In his column yesterday, Eric Hirsch started out with a discussion of Hillel’s new blog, which devolved into generally bashing the “narrow-mindedness” of “secular intellectuals” at Columbia. Because I understand how many religious individuals at Columbia might feel alienated (it was not long ago that a fellow student declared all religion to be “rubbish” in one of my classes), I think this topic deserves discussion.
While the complaint that religious students at Columbia might not feel entirely at home is, I feel, justified, I have to take issue with a number of the points that Eric makes. First, I’m not entirely convinced that, as he claims, the text on “And Thou Shalt Blog” that bursts forth in all sorts of colors and sizes and fonts on one’s computer screen should be necessarily interpreted as “enthusiasm ... for ... religious [identity].” In fact, instead of thinking that the ensuing “hipster eye-rolling” is simply the disapproval of religion, I think it would be more accurate to say that it is, instead, a classic disapproval of enthusiasm for, well, anything. Another guess is that most people on this campus don’t take issue with others being excited about their religion. Instead, I propose that the problem arises from the unnecessary use of exclamation points and, more importantly, large text with bright colors which, not surprisingly, actually hurts one’s eyes, especially in the wee hours of morning in Butler.
Eric then lambasts “the secular intellectual” at Columbia for being tolerant of, but not embracing, religious groups. My question is this: why do secular intellectuals have a responsibility to actually embrace religious groups? As someone who attends services every week, I really don’t see any reason or obligation for any of my secular friends to share my excitement about Shabbat services. I am happy to disagree with others, even on fundamental principles, as long as they tolerate me and respect my opinion.
Given Eric’s enthusiasm for tolerance and what seems to be a belief that “secular intellectuals” on campus should be forced to abandon their views that religious organizations are about “indoctrination, conformity, [and] intolerance,” I wonder if he thinks that the more socially conservative members of these groups should similarly embrace—not simply tolerate—organizations such as the Columbia Queer Alliance or change their views about homosexuality. I am almost certain that this is not something of which he—or the members of those groups—would approve. I mention this because when the Catholic Church advances the careers of anti-Semitic bishops, or when the American Baptist Association puts out a statement saying that “the practice of homosexuality is incompatible with Biblical teaching,” how comfortable can a Jew be in a Catholic group or an LGBT person be in a Baptist group, regardless of how accepting the individuals of those groups might be?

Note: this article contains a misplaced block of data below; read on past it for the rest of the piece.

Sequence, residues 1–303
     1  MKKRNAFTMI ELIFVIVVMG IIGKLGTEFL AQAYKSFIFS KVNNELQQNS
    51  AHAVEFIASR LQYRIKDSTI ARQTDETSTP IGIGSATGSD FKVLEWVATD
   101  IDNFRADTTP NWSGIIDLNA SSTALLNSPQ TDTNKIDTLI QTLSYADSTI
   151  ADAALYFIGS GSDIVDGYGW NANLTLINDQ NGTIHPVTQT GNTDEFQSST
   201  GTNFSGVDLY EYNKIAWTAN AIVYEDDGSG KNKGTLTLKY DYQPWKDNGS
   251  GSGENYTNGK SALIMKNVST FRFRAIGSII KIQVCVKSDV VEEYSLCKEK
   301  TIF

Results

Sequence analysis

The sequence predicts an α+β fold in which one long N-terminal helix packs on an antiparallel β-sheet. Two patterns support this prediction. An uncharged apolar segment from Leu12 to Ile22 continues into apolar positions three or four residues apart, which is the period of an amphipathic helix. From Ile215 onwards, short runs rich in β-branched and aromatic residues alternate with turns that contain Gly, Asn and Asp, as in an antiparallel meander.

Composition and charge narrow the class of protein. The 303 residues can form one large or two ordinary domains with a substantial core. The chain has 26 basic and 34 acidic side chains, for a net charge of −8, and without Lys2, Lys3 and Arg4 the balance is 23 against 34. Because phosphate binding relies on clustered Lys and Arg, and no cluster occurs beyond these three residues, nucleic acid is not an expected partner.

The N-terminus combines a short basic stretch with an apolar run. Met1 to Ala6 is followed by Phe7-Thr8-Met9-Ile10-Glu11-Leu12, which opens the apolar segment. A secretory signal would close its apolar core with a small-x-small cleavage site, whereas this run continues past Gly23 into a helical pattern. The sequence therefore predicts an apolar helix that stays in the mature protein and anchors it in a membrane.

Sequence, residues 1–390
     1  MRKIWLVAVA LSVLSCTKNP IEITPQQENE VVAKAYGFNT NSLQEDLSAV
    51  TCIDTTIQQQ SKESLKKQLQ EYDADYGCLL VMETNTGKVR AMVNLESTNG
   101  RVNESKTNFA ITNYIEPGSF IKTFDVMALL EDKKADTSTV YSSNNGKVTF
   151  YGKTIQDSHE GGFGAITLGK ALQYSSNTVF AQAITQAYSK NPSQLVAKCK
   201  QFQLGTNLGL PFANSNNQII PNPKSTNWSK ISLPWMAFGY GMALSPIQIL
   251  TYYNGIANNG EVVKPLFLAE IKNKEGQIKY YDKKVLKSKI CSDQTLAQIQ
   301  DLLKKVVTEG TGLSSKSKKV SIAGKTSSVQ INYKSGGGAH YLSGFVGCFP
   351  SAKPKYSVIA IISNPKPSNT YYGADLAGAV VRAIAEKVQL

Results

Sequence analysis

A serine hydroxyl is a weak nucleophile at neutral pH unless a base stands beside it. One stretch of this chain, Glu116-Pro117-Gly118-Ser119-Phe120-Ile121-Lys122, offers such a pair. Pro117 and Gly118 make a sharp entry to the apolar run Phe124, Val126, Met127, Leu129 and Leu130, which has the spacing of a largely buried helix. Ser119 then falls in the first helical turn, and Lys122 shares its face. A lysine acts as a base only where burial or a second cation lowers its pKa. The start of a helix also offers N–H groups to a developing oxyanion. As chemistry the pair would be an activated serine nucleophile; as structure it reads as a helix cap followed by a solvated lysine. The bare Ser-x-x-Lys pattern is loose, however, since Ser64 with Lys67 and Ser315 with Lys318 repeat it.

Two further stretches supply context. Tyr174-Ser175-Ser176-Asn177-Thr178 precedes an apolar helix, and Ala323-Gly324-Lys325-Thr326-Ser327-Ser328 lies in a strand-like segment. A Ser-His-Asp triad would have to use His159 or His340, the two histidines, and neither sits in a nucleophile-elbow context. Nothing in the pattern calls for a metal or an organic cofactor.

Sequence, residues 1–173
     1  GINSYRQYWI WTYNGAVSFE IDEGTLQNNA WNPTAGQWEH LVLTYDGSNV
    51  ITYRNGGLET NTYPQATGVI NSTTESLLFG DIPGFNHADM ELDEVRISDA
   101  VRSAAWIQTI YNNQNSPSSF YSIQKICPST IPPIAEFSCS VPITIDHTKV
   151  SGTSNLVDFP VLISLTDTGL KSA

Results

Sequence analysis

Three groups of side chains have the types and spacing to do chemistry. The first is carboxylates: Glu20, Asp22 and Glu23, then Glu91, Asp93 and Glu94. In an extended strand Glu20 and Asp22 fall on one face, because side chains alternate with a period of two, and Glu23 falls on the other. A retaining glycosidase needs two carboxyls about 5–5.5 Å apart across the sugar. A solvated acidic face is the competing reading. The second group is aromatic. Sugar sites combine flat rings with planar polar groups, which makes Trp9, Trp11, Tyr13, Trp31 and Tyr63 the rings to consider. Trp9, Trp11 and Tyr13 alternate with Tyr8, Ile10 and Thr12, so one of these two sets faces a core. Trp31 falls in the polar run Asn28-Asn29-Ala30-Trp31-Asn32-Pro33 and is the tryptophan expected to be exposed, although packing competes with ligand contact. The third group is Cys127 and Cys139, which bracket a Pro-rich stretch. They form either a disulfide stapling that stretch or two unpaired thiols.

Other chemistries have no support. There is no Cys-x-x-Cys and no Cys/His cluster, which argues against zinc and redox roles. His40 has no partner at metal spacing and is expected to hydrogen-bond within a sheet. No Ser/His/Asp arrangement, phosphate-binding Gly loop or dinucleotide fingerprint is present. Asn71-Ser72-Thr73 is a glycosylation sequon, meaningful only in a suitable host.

A key to any intellectual community is tolerance. For debate to flourish, there needs to be tolerance—though not necessarily an embracement—of others’ ideals and beliefs. Perhaps the key issue here is respect. During my time at Columbia, I have become an incredibly cynical person—far more so than I could have imagined my senior year of high school. From what I’ve heard, many other students at Columbia (but elsewhere as well) have gone through a similar transformation. Sometimes this cynicism can be outright offensive. Other times, it can simply make others feel awkward.
At the same time, I don’t think that it would be fair to say that the only way to make others feel at home is to make those “eye-rolling hipsters” and “secular intellectuals” go to meetings of religious groups or even necessarily change their minds. That religious students might experience the campus culture at Columbia as unwelcoming or awkward is problematic, but it is a problem that needs to be confronted by all of us. Instead of being intolerant of those claiming to be intolerant of intolerance, why not, instead, simply try to argue through practice? This places a responsibility not only on the less religious to respect, even if they still fundamentally disagree with, the more religious, but also on the more religious to correctly identify what is, in fact, an attack on them and what is actually an attack on their font choices.
The author is a Columbia College sophomore. He is the co-editor of the Commentariat, the official blog of Spectator Opinion.